Net.bridge.bridge-nf-call and sysctl.conf
Most virtual guests configured using libvirt connect to the network via a Linux host bridge; the behavior of the bridge changes depending on the setting of 3 "tunables" recognized by the kernel bridge module:
net.bridge.bridge-nf-call-arptables net.bridge.bridge-nf-call-ip6tables net.bridge.bridge-nf-call-iptables
These control whether or not packets traversing the bridge is sent to iptables for processing. In the case of using bridges to connect virtual machines to the network, generally such processing is *not* desired, as it results in guest traffic being blocked due to host iptables rules that only account for the host itself, and not for the guests.
Unfortunately, the bridge module in the kernel has all three of these values set to "1" (on, i.e. *do* send the packets to iptables), and for historical reasons the kernel maintainers refuse to change this default (see http://patchwork.ozlabs.org/patch/29319/ )
After the refusal of the above change to the compiled-in defaults by the kernel, many Linux distros (including Fedora, RHEL, and CentOS) made an attempt to solve this problem by adding lines to /etc/sysctl.conf to update the default settings compiled into the bridge module:
net.bridge.bridge-nf-call-arptables = 0 net.bridge.bridge-nf-call-ip6tables = 0 net.bridge.bridge-nf-call-iptables = 0
The settings in /etc/sysctl.conf are applied anytime the command "sysctl -p" is run, and it happens that this command is run at least once during system boot, generally by either the network service or the NetworkManager service, coincidentally a short time after those services have created any bridge devices in the host system network configuration (i.e. listed in /etc/sysconfig/network-scripts). Since creating a bridge device causes the bridge module to be autoloaded, it will be present in the kernel (and can act on the provided settings) at the time "sysctl -p" is run.
However, if the bridge module *isn't* loaded at the time "sysctl -p" is run, there will be two problems:
1) sysctl -p will generate an error message about an attempt to set "unknown keys" (since the bridge module doesn't exist, there is nobody to recognize the keys):
error: "net.bridge.bridge-nf-call-ip6tables" is an unknown key error: "net.bridge.bridge-nf-call-iptables" is an unknown key error: "net.bridge.bridge-nf-call-arptables" is an unknown key
This causes an annoyance to some system administrators.
2) If some program creates a bridge at a later time, the bridge module will be autoloaded, but sysctl -p won't be run (and the previously "unknown" keys won't have been otherwise saved for application at a later time), so the kernel-set defaults for the tunables will remain in effect.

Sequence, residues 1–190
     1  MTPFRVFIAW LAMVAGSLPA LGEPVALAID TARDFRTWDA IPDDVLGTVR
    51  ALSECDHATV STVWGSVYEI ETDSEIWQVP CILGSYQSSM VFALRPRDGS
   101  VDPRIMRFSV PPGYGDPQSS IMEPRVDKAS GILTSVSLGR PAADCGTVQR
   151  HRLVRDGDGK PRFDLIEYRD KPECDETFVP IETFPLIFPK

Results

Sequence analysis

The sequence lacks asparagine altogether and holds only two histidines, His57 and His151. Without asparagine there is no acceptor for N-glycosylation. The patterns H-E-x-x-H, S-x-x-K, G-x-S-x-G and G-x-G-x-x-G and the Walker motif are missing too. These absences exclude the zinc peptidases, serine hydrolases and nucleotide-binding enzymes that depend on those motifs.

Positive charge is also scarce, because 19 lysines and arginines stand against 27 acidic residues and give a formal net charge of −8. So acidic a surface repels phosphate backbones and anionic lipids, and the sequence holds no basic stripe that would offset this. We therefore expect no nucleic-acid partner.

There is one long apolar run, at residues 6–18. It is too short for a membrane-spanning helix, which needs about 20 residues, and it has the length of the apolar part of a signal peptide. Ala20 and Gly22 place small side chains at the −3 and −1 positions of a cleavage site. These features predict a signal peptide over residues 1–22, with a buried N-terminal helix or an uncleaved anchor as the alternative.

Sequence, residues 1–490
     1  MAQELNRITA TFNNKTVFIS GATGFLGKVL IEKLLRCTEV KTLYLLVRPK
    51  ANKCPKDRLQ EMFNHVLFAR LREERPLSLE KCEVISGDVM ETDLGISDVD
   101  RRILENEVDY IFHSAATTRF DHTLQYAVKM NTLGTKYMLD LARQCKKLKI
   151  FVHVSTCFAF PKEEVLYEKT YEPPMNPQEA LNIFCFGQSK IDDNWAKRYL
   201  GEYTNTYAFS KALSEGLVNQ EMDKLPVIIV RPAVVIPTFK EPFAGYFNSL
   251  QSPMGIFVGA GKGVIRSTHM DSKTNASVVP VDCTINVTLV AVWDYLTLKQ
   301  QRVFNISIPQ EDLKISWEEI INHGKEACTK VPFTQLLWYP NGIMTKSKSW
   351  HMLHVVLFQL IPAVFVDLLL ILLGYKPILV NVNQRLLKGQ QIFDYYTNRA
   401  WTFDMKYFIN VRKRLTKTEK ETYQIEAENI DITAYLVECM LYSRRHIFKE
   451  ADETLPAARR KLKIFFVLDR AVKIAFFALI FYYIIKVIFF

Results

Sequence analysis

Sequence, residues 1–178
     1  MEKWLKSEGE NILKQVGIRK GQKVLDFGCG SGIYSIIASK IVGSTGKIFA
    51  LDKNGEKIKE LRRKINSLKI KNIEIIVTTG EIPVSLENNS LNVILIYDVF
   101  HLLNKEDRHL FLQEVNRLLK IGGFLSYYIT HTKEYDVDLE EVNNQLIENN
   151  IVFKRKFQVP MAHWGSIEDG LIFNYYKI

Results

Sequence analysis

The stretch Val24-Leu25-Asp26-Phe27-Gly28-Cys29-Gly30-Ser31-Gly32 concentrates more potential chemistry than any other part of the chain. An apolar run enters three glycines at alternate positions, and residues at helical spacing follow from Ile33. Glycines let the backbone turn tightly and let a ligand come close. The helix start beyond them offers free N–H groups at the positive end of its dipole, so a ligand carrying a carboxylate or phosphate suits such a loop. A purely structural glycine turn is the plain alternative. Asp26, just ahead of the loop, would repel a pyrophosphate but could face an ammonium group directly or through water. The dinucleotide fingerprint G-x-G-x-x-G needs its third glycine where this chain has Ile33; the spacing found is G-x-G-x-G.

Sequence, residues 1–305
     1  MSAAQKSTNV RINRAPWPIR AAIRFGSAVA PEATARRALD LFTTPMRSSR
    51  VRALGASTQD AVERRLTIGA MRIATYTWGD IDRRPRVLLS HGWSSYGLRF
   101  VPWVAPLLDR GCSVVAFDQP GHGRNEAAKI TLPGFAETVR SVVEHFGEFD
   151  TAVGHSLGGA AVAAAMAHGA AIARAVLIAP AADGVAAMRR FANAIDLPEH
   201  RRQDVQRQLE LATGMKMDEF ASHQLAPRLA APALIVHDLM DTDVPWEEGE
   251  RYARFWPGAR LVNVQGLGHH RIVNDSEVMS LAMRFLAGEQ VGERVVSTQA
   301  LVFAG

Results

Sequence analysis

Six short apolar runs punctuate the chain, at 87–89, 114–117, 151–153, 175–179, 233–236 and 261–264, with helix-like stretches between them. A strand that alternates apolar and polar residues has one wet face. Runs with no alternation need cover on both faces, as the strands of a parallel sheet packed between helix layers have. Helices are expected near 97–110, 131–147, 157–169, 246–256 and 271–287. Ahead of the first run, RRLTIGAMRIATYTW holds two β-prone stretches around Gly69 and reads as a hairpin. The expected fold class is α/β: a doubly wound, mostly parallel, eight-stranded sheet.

The above description is the current state of affairs in RHEL6/CentOS6. Things are different in recent Fedora and RHEL7, which we'll get to further down.
Attempted/Proposed Solutions in RHEL6 / pre-systemd
Several solutions to the above problem have been proposed, and some tried, over the years. There are many bug reports dealing with it. One public bug report that has a lot of information is this:
* Build the bridge module into the kernel.
This would be bad because 1) anybody wanting to minimize their footprint would be stuck with the bridge module whether or not they used it, and 2) if someone built their own kernel, they may configure it to be loadable anyway, thus negating the fix. (reason (2) is a bit weak, but reason (1) would probably carry the day).
* Change the system startup to always force loading of the bridge module very early on during system boot.
Again, there would be complaints from those trying to maintain a very small footprint.
* Move the settings from /etc/sysctl.conf to /etc/sysctl.d/bridge.conf
The problem with this "solution" is that it only solves one of the two problems, and it's the least harmful problem that's being solved.
1) At boot time, the settings in /etc/sysctl.d are loaded [in some other manner], so in the case that there is a bridge device in the system network config, they are applied. GOOD
2) Since "sysctl -p" only loads settings from /etc/sysctl.conf, if there are no bridge devices, that will not generate the above errors. GOOD
3) If a bridge is created later, then sysctl -p won't be automatically run (same as before). BAD (or NEUTRAL, depending on your thinking)
4) Even if the sysadmin has setups scripts to run "sysctl -p" (based on previous behavior of the system) to force these settings, that will
- still* not load the bridge tunable settings, since (as stated above)
sysctl -p ignores /etc/sysctl.d. BAD
* have libvirtd run "sysctl -p"
This FAILs because it would mean that *all* the settings from /etc/sysctl.conf would be applied, some of those possibly overriding other transient settings made elsewhere by the sysadmin. Also, in many cases libvirt is using a bridge device that was already created by someone else, and in other cases it is simply calling the ioctl to create the bridge - the module is autoloaded when necessary and libvirt has no idea when this happens.
- Manually set these items in libvirt whenever libvirt creates a
bridge - this also fails in many ways:
1) In the end, this is a system security policy that affects things outside of libvirt and the virtual machines it manages, so it should not be unceremoniously changed by libvirt.
2) libvirt isn't always the entity creating the bridge (and although we are personally only concerned about libvirt, it isn't necessarily the only *user* of bridges).
(just to mix things up a bit - note that some uses of libvirt's "nwfilter" guest network packet filtering require all these settings to be "on" in order to function properly).